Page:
Girls as young as six are recognising sexualised images in the media – suggesting that programs in adolescence to help girls become critically aware of sexualising content may be happening too late, Curtin University research suggests.
Lead researcher Dr Michelle Jongenelis, from Curtin’s School of Psychology and Speech Pathology, said researchers found a marked difference in how Australian girls aged 6-11 responded to images of sexualised and non-sexualised girls.
“The majority of participants described the sexualised girl as trying to look ’cool’, ‘stylish’, and ‘attractive’,” Dr Jongenelis said.
The study found girls are noticing the increased and more explicit sexualisation in the media and their daily lives, and beginning to develop attitudes towards it.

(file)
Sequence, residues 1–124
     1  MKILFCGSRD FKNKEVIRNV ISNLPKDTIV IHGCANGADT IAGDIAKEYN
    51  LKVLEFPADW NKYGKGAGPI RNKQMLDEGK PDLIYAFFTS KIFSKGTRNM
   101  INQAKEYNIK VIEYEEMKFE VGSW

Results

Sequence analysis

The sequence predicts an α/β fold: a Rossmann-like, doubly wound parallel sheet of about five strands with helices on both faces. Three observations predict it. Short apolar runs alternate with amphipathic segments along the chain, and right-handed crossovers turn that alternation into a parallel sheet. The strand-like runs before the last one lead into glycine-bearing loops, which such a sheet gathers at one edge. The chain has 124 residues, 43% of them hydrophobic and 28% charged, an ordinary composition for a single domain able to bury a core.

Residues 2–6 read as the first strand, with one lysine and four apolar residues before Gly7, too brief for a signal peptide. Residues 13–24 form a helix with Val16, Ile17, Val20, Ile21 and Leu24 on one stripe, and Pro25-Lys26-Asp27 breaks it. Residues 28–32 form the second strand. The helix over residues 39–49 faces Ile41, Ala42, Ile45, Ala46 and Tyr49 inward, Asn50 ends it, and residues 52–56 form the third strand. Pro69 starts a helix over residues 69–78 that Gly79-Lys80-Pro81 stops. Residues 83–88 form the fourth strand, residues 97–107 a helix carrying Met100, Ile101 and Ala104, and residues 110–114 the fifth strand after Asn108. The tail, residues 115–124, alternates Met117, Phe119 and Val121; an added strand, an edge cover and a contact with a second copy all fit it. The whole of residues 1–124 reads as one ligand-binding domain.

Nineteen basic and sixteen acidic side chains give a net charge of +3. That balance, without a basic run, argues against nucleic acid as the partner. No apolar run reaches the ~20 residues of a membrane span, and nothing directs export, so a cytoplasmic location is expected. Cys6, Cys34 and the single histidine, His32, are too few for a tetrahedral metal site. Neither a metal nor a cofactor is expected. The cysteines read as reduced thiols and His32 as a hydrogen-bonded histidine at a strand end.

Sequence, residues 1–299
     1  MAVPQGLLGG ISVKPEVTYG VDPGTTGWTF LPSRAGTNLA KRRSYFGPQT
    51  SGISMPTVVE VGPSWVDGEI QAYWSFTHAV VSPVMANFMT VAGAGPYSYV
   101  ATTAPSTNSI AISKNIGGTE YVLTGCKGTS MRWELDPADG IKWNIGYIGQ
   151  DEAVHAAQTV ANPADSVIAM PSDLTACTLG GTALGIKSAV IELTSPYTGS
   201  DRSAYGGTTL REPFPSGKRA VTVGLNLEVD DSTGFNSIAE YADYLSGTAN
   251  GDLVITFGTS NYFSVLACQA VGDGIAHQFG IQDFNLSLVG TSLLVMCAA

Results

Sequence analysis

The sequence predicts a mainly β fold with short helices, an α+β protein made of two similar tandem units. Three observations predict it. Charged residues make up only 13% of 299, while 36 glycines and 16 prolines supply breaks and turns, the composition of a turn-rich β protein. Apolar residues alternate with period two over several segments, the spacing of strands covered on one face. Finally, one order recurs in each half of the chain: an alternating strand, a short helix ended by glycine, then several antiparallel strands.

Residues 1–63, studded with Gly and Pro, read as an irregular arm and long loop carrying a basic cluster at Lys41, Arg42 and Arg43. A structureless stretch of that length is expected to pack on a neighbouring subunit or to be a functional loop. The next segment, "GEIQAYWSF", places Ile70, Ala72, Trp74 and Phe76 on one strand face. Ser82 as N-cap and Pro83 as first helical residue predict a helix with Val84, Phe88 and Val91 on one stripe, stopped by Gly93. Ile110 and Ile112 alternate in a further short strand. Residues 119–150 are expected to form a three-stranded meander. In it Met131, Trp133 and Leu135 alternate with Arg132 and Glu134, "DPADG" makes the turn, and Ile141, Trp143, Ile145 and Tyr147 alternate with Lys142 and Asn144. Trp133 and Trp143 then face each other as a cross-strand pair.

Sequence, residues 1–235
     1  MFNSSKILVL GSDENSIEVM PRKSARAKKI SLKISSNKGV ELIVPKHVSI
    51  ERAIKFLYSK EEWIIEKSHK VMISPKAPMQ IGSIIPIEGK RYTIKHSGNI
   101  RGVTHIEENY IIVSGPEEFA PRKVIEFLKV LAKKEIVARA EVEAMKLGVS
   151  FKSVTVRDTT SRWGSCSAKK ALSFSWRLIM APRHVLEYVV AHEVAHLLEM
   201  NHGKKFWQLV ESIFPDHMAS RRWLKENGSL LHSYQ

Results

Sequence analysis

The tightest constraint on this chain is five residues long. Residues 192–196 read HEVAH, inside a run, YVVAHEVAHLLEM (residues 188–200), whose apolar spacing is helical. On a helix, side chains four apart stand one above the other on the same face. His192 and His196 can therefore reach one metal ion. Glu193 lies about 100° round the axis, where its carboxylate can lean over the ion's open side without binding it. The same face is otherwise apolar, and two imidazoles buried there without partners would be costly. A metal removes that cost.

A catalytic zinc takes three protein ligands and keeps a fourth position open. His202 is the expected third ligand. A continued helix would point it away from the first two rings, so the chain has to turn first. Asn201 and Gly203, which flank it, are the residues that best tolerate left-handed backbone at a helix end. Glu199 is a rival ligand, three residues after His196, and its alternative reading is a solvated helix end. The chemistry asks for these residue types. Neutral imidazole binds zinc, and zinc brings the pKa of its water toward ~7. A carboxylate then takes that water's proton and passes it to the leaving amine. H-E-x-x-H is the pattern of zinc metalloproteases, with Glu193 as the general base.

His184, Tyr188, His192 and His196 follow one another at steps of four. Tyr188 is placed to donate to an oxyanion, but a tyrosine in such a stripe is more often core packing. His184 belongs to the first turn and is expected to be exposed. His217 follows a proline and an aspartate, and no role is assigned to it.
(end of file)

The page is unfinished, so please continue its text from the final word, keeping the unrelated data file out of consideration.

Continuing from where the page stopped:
“This is concerning because considerable evidence demonstrates the psychological consequences of sexualisation in women and adolescents in the form of body shame, eating disorders, and depression,” Dr Jongenelis said.
Previous research has found that sexualised women and girls are less likely to be perceived as strong, intelligent, moral, capable, and qualified for high status jobs.
“We need to start educating even younger girls before their attitudes and beliefs become ingrained and resistant to change,” Dr Jongenelis said
You can read more about this study here. Story credit: Curtin University newsroom
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